AMC Remodels Movie Theaters To Have Big, Reclining Seats, But Fewer Of Them

Imagine that you’re a potential investor in movie theater chain AMC, which became a publicly traded company last year. Executives share their exciting new sales pitch: they’re going to make more money by selling fewer tickets to each show. Wait, what? How does that lead to higher earnings? Auditoriums that fit fewer patrons will have comfier, recliner-style seats.

Think of it as the exact reverse of airlines’ strategy: instead of cramming as many people in a small space as possible, AMC sees the possibility that they can instead change configurations and charge more for each ticket in the super-comfy section. This is great news for all kinds of people: it opens up theaters to people too large to fit in current seats, and also prevents children and adults with very short legs from kicking the back of your seat. (Sorry about that.)

The Wall Street Journal reports that this bold strategy is working out for the company so far. It costs about $350,000 to $500,000 to “re-seat” a single auditorium, and the company plans to reconfigure about 1,800 out of the 5,000 screens it currently has nationwide over the next five years. This will cost a total of $600 million, but the company doesn’t plan to raise ticket prices for the super-comfy screens for maybe a year after renovation. After that, the company says that ticket prices will probably go up a dollar or two.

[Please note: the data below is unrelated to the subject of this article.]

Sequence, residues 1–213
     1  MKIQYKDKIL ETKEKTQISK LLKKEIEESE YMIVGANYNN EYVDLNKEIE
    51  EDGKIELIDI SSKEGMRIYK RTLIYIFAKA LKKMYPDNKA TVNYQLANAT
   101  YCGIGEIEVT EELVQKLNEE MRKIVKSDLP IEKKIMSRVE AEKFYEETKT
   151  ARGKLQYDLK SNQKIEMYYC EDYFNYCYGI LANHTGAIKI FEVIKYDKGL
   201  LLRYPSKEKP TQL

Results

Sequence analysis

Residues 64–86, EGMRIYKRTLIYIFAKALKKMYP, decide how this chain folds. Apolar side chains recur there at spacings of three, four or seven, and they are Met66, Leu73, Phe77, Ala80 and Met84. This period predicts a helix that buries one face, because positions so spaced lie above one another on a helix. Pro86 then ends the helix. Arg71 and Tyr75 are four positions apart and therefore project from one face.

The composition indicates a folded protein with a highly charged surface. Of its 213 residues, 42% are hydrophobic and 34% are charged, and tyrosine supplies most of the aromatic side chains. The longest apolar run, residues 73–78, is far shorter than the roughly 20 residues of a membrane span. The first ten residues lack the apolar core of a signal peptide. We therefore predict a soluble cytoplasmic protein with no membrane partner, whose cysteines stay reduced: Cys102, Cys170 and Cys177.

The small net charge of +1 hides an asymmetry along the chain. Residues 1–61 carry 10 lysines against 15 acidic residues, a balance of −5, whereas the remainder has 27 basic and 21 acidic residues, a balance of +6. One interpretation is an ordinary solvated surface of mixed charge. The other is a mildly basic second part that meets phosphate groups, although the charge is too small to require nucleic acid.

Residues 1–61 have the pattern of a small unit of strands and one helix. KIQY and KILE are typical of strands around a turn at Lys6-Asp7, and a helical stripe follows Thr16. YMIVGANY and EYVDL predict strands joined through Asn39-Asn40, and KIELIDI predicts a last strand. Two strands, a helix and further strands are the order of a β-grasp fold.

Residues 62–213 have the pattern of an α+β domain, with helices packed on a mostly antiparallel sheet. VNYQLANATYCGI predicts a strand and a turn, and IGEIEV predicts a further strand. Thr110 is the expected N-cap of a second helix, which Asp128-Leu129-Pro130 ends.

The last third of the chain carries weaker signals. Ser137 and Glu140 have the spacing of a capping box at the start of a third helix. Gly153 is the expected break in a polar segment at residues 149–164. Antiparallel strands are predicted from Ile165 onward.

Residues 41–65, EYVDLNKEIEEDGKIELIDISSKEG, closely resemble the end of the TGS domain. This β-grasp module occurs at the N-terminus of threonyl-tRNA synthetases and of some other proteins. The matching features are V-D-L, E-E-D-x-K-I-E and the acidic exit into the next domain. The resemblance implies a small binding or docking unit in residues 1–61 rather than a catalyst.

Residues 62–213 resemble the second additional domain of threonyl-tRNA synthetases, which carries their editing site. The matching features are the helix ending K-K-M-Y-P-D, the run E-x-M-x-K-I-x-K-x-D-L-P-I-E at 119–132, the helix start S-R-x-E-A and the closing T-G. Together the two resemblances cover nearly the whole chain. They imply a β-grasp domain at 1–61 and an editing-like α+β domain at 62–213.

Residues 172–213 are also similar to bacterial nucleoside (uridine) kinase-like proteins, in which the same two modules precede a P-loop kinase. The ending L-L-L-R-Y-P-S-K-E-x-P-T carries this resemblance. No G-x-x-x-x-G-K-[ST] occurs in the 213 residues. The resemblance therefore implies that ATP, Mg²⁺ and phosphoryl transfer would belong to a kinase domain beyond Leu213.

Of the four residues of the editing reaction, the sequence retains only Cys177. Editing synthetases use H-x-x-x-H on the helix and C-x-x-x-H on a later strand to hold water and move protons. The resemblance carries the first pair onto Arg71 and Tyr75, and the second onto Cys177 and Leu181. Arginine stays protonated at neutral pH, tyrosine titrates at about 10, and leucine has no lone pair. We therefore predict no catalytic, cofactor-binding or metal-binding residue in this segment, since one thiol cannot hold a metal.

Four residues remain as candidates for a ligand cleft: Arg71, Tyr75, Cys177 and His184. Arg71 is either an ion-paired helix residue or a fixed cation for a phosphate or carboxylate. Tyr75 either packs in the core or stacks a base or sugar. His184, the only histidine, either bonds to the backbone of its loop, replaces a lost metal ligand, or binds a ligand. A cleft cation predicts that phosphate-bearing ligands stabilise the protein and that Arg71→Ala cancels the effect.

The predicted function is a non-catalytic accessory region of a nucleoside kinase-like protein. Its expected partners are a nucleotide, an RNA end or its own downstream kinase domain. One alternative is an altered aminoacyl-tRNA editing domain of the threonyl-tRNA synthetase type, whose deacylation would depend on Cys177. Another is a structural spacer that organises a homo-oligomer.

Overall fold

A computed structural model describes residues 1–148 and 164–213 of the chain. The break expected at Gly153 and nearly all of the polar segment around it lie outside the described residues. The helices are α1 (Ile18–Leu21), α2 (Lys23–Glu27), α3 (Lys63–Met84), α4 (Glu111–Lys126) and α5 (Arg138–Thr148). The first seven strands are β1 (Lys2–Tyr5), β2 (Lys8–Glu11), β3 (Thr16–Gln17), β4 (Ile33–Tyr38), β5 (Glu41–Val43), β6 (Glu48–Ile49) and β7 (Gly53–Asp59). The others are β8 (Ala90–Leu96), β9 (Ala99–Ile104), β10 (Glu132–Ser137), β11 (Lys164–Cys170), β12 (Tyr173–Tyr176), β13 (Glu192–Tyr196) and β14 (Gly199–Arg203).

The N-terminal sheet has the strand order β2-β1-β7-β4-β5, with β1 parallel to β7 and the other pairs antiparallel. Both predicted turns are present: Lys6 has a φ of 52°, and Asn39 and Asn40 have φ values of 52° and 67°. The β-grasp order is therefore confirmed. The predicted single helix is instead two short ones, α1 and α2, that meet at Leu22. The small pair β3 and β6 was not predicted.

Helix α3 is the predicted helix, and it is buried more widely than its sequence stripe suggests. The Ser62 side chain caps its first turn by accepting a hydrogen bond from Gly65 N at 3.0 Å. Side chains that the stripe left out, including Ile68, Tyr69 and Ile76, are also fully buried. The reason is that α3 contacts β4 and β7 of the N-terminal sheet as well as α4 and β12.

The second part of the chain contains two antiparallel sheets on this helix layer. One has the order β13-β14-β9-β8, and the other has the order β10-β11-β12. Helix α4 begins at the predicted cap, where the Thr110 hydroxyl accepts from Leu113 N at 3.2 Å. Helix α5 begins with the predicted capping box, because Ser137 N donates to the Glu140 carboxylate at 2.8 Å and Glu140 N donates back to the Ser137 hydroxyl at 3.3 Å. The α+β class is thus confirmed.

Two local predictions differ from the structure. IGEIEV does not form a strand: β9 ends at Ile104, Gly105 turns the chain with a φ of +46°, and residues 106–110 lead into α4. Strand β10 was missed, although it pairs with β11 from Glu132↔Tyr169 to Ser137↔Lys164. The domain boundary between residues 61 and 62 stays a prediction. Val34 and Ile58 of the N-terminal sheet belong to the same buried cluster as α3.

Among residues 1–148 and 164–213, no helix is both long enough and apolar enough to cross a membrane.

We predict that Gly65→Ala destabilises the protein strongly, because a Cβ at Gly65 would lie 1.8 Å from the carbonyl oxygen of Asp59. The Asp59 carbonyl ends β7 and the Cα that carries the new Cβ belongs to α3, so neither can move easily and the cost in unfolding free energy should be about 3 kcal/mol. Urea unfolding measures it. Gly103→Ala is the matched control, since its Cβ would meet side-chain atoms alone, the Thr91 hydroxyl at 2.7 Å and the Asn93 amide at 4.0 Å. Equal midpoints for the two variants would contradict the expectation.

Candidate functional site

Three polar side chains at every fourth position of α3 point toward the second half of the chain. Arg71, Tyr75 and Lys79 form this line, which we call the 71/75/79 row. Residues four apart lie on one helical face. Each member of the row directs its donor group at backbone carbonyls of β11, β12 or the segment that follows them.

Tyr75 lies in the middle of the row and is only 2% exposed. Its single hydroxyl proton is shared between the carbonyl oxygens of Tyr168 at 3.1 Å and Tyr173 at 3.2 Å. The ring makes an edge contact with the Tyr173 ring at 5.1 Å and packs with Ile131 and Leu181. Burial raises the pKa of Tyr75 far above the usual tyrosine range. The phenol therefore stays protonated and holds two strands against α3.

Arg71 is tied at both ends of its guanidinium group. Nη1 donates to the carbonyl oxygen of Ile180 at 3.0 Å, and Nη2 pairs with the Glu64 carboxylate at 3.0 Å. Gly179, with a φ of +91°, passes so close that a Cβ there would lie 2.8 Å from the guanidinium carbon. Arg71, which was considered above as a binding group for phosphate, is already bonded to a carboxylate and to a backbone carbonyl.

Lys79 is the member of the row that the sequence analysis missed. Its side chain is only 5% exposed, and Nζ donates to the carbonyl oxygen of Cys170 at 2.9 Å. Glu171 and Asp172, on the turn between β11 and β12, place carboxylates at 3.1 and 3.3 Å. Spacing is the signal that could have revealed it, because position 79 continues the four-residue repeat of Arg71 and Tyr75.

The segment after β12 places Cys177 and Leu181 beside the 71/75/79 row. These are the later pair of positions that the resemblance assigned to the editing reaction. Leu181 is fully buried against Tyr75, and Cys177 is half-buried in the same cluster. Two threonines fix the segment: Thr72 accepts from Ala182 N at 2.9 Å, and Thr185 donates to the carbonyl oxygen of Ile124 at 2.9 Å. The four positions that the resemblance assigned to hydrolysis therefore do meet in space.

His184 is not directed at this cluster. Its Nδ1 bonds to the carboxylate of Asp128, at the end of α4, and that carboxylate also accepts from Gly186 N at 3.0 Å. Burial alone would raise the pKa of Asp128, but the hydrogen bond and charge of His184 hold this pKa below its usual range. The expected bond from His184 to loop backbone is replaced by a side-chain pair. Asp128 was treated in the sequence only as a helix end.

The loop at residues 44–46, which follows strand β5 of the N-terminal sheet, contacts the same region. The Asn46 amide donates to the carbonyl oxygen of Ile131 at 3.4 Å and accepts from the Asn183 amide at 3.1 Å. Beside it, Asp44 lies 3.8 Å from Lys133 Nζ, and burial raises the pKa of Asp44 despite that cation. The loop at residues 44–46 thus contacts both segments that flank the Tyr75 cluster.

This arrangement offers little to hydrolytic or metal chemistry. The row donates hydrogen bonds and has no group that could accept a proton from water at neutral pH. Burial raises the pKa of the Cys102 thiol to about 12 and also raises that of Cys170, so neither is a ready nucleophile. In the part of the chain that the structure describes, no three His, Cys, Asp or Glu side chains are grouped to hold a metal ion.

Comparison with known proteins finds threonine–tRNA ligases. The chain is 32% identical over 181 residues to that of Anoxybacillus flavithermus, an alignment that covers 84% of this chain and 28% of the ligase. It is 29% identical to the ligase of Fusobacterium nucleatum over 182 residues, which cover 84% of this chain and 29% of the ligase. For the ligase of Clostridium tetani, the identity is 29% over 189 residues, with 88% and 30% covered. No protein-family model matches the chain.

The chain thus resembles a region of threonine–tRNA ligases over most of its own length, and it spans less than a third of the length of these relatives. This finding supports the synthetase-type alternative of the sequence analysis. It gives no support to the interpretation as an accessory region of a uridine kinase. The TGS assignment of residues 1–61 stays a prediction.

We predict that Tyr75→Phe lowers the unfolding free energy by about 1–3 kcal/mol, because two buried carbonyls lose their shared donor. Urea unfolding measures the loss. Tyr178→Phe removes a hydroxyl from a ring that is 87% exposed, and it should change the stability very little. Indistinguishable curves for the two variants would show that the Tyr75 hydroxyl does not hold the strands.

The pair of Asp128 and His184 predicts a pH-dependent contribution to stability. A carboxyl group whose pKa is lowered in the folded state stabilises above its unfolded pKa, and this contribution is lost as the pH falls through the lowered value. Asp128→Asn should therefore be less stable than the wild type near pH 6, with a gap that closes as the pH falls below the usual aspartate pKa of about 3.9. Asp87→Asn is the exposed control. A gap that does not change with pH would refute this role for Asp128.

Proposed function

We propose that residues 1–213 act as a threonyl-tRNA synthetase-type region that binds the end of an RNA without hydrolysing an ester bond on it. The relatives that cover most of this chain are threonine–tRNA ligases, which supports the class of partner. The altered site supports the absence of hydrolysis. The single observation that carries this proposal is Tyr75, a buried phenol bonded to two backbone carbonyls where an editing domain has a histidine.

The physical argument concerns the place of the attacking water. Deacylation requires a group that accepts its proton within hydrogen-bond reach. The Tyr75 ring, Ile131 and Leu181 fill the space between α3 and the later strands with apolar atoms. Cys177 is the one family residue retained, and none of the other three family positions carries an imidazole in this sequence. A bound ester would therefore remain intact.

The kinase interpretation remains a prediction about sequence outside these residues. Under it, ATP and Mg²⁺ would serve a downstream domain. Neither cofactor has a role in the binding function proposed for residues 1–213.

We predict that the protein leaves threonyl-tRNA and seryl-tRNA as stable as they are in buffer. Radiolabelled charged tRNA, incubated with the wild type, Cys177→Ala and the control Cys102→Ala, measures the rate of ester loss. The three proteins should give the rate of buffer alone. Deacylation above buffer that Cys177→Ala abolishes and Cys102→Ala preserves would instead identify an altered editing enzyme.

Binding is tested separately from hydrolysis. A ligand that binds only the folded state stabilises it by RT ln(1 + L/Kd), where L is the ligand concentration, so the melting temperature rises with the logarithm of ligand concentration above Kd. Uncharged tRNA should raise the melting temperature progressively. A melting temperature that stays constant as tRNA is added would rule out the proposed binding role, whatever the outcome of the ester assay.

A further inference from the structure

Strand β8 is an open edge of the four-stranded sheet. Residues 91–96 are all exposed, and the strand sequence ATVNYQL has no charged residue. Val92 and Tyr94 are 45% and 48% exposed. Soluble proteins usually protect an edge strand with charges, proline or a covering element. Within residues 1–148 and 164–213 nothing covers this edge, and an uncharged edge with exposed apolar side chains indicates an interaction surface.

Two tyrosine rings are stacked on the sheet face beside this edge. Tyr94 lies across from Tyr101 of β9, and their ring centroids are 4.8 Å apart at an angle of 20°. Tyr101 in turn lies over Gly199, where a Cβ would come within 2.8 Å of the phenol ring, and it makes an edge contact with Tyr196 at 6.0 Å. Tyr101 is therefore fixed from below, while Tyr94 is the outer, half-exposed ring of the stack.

If your local multiplex is routinely packed, don’t expect to see recliners there anytime soon. Re-seating will happen only in areas where AMC is having trouble filling all the seats, so you won’t see it in the country’s biggest cities.

Now at the Movies: Fully Reclining Seats [Wall Street Journal]

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